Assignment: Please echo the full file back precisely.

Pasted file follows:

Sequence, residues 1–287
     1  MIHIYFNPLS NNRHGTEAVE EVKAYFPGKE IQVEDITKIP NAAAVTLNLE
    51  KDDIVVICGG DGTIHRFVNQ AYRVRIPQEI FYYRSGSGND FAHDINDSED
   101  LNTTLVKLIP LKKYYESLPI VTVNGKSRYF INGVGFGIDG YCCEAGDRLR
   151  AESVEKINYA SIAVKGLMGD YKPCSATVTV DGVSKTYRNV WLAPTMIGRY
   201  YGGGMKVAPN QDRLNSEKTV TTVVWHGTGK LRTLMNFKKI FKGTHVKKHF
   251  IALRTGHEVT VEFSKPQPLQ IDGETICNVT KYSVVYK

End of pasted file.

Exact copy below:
Sequence, residues 1–287
     1  MIHIYFNPLS NNRHGTEAVE EVKAYFPGKE IQVEDITKIP NAAAVTLNLE
    51  KDDIVVICGG DGTIHRFVNQ AYRVRIPQEI FYYRSGSGND FAHDINDSED
   101  LNTTLVKLIP LKKYYESLPI VTVNGKSRYF INGVGFGIDG YCCEAGDRLR
   151  AESVEKINYA SIAVKGLMGD YKPCSATVTV DGVSKTYRNV WLAPTMIGRY
   201  YGGGMKVAPN QDRLNSEKTV TTVVWHGTGK LRTLMNFKKI FKGTHVKKHF
   251  IALRTGHEVT VEFSKPQPLQ IDGETICNVT KYSVVYK